Yup. I recently demonstrated the same thing in a controlled experiment. Trust that the media won’t clue themselves in though.

  6. Gabrielle permalink
    February 13, 2011 5:24 pm

    Hi there ( i dont even know if you still check this, but im going to try anyway),

    I am working on a tenth grade biology honors experiment and i came across this site while looking for rotting tomatoes. I think i want to try it (Don’t worry i am giving you credit), but my only problem is where to keep the burgers. Do i need a greenhouse or will any container do? a box? i think i am also going to put another burger in from this new joint that opened up by my house called Five Guys and a Burger.

    Thank you(:

    • YouAreNotAFitPerson permalink*
      February 13, 2011 8:54 pm

      Hey Gabrielle,

      I always check comments and I appreciate that you took the time to make one. You really don’t have to give me any credit, and I am excited to see others doing this research. I think you need to control for humidity. Without humidity, nothing will rot, so the greenhouse with a wet sponge gave a fair amount of constant humidity. Temperature is another thing you will want to control for. The warmer the temperature, the faster it will rot. When I moved the burgers outside, the rotting slowed down.
      In any scientific experiment you want to control for all of the variables but the one you are testing, so if it is to see which burgers rot faster, than put them all in the same greenhouse with some humidity and a reasonable temperature. If you want to see the impact of humidity on burgers, then put the some of the same burgers in a greenhouse and the control burgers outside of the greenhouse in a low humidity environment and study the impact of humidity on rotting.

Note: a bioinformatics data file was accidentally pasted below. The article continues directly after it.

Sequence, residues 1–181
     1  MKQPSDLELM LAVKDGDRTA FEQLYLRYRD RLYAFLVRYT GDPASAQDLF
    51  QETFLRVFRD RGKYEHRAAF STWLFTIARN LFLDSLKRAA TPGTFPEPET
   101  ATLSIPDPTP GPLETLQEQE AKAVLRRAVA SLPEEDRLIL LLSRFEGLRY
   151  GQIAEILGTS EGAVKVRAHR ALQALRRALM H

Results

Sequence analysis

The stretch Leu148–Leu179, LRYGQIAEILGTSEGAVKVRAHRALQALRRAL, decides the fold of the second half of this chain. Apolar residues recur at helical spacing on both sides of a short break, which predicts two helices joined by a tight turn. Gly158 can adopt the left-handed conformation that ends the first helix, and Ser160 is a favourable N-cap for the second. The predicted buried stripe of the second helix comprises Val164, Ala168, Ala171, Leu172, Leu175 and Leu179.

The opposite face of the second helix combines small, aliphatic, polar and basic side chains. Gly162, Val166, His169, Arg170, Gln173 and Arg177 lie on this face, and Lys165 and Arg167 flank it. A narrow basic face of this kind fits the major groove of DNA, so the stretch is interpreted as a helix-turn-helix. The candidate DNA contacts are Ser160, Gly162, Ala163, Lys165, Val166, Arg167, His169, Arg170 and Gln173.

A box isn’t very effective to keep the humidity in as it is very porous and would have a similar humidity to a room quite quickly.
      What is your hypothesis?

  7. Anne Dowson permalink
    January 28, 2012 2:09 pm

    Has this experiment been done on potatoes or french fries? My husband is concerned about potatoes because french fries don’t rot. As a matter of fact he was concerned that a bag of potatoes we had didn’t completely deteriorate and rot, nor did they turn black when he put some iodine on them.
    So, now I am on a quest for the reason as to why, and if we should give up on potatoes….

    • YouAreNotAFitPerson permalink*
      January 29, 2012 1:26 am

      The experiment is on french fries. I would have dismissed your husbands concerns about potatoes as foolish, but then I saw this video and realized we don’t know much about the standard techniques of preserving common foods, even potatoes. This video is very much worth a watch. Try running experiments on true organic potatoes (either grown yourself or bought from a reputable source) if you want to be sure. In any case though, I don’t worry much because I know potatoes are one of the worst foods you can eat. They are a slow poison just for their glycemic activity, you don’t need anything added to make them bad for you. The fact they add stuff too, well, just don’t eat potatoes! Good luck.

  8. Jacquelyn Johnson permalink
    February 25, 2012 10:28 am